Viral resistance to the antiretroviral drugs used for treatment of human immunodeficiency virus type 1 (HIV-1) infection has been an important cause of treatment failure and limits options for alternative antiretroviral regimens. The utility of monitoring HIV-1 for drug resistance in the clinical setting has not been fully defined. Several studies have suggested that evaluating HIV-1 drug resistance increased the likelihood of suppressing viral replication with subsequent treatment (2
; C. Cohen, S. Hunt, M. Sension, C. Farthing, M. Conant, S. Jacobson, J. Nadler, W. Verbiest, K. Hertogs, M. Ames, and A. Rinehart, Abstr. 7th Conf. Retrovir. Opportunistic Infect., abstr. 237, 2000), whereas other studies found that testing for drug resistance did not improve outcome (R. Haubrich, P. Keiser, C. Kemper, M. Witt, J. Leedom, D. Forthal, M. Leibowitz, J. Hwang, E. Seefried, J. A. McCutchan, N. Hellmann, D. Richman, et al., Antivir. Ther., abstr. 80, 2001; J. L. Meynard, M. Vray, L. Morand-Joubert, et al., Antivir. Ther., abstr. 85, 2000). In addition, transmission of HIV-1 drug-resistant variants has been reported (1
; S. J. Little, S. Holte, J. P. Routy, E. S. Daar, M. Markowitz, A. C. Collier, R. A. Coup, B. Conway, E. Connick, M. S. Saag, A. Mwatha, L. Corey, P. H. Keiser, M. Kilby, K. Dawson, J. M. Whitcomb, N. S. Hellmann, and D. D. Richman, Antivir. Ther., abstr. 25, 2001) with an increasing incidence, which is apparently related to the widespread use of antiretrovirals. Early reports suggest that highly active antiretroviral therapy was less effective in suppressing viral replication in individuals infected with drug-resistant virus, and when suppression of replication occurred, it was less durable (Little et al., Antivir. Ther.; K. Van Vaerenbergh, L. Debaisieux, I. Derdelinckx, N. De Cabooter, K. De Smet, K. Fransen, D. Marissens, K. Miller, G. Muyldermans, S. Sprecher, D. Vaira, C. Verhofstede, G. Zissis, M. Van Ranst, E. De Clercq, and A. M. Vandamme, Antivir. Ther., abstr. 130, 2001). In this context, HIV-1 drug resistance screening may prove useful in guiding the choice of initial therapeutic regimens by identifying drugs that are unlikely to suppress viral replication.
Oligonucleotide ligation assays (OLAs) are rapid, specific, and sensitive reactions for the detection of known point mutations (15
). Ligation assays are based on the covalent joining of two adjacent oligonucleotide probes by a DNA ligase when they are hybridized to a cDNA template, usually a PCR product. The specificity of the ligation is regulated by three factors: (i) the hybridization of the oligonucleotides to complementary sequences within the template, (ii) the need for these primers to anneal directly adjacent to one another in a 5′ to 3′ orientation on the target, and (iii) the requirement that the oligonucleotides have two bases complementary with the target in each direction at the site of the junction (15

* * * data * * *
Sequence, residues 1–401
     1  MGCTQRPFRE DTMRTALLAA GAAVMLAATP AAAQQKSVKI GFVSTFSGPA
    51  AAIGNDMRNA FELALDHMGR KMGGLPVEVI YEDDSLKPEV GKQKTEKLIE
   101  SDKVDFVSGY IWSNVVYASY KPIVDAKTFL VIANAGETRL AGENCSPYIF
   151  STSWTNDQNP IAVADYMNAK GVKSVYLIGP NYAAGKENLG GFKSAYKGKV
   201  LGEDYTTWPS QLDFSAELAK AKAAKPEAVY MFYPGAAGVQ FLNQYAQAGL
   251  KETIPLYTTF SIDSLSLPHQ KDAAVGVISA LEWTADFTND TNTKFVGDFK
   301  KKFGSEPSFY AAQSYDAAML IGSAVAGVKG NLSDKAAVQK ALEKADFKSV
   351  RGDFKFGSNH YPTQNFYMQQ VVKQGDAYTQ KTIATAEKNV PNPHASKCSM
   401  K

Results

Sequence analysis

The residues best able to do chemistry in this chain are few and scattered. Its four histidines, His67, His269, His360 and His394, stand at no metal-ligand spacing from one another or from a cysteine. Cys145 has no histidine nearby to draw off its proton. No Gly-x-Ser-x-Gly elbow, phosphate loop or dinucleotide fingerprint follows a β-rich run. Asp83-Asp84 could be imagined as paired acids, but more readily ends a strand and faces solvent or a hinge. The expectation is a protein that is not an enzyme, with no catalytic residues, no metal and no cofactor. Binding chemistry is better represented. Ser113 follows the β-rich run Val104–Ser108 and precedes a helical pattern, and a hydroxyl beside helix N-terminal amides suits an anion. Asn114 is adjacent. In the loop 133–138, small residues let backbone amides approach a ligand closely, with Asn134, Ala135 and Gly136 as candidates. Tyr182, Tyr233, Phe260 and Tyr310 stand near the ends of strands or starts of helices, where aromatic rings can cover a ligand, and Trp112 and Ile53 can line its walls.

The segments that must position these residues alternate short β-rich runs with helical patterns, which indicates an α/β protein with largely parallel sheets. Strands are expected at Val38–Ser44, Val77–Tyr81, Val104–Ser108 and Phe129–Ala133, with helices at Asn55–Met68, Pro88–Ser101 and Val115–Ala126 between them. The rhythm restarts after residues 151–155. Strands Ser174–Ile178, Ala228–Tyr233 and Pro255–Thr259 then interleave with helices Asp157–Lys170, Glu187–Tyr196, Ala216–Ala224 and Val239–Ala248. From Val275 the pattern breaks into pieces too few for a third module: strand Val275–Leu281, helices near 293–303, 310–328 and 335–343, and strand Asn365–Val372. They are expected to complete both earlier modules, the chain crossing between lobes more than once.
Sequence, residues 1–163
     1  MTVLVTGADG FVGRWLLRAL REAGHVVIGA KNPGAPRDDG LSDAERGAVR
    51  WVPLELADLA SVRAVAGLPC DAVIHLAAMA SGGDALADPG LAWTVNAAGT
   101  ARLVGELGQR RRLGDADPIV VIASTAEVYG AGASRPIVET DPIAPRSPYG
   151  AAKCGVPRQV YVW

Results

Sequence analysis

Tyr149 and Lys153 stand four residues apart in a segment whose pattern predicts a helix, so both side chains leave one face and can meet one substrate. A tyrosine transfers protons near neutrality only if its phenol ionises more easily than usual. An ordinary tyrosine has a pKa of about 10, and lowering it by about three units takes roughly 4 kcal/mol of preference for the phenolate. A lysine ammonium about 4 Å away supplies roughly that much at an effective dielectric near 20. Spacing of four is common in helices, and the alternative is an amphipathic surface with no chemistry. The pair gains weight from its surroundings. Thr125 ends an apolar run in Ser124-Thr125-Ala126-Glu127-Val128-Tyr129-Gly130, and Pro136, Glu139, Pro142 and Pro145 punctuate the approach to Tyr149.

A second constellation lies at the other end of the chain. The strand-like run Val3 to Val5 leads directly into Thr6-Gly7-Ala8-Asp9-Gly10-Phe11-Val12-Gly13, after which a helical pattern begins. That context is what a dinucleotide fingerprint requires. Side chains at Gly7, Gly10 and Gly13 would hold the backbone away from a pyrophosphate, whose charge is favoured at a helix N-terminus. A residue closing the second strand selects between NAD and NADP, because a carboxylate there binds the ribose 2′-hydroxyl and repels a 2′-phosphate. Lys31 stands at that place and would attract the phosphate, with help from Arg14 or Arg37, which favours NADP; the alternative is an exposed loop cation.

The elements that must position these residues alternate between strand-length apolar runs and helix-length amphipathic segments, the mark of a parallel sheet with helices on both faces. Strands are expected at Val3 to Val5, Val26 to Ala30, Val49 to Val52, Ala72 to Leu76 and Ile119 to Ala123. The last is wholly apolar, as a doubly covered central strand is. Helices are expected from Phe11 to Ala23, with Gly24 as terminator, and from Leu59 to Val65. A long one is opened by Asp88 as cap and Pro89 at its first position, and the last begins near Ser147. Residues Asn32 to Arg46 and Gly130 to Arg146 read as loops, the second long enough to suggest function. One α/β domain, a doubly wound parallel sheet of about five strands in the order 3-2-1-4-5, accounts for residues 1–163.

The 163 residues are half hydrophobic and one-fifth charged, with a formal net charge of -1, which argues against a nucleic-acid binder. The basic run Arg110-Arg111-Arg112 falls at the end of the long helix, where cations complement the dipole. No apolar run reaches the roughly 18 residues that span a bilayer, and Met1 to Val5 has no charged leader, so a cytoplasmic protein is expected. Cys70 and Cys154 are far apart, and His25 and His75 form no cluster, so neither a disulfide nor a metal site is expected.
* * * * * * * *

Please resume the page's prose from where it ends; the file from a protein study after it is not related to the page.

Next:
). These characteristics allow nonstringent ligation conditions, which can be used to type multiple nucleotide substitutions in a single assay yet require specificity at the site of interest.
Our laboratory has developed an OLA for the detection of mutations in the HIV-1 pol
gene associated with resistance to zidovudine, dideoxyinosine, and lamivudine (9
) to nonnucleoside reverse transcriptase inhibitors (unpublished data) and, in collaboration with others, to mutations associated with multinucleoside drug resistance (29
). This high-throughput ligation-based system uses differentially modified oligonucleotides specific for wild-type or mutant sequences, allowing sensitive detection of both genotypes in a single well of a microtiter plate. In this report, we describe an OLA for the detection of primary mutations in HIV-1 pol
associated with high-level resistance to protease inhibitors currently in clinical use: nelfinavir, saquinavir, ritonavir, amprenavir, indinavir, and lopinavir.
While sequencing HIV-1 nucleic acids is commonly used to evaluate the presence of drug resistance mutations and provides the opportunity to comprehensively evaluate multiple mutations associated with HIV-1 antiretroviral resistance and novel mutations, the OLA has several advantages over consensus sequencing. First, the assay has a high throughput that makes it ideal for epidemiologic studies or clinical trials that evaluate a large number of specimens for specific mutations. Second, the OLA is highly sensitive in the detection of small populations of mutant genotypes among wild-type viral sequences (9
). Third, the results of the OLA are simple to interpret either visually or by a spectrophotometer. These attributes, together with its low cost, make this assay suitable for genotypic evaluation of HIV-1 drug resistance in laboratories where the costly equipment, software, and technical expertise needed for sequencing analysis may not be available.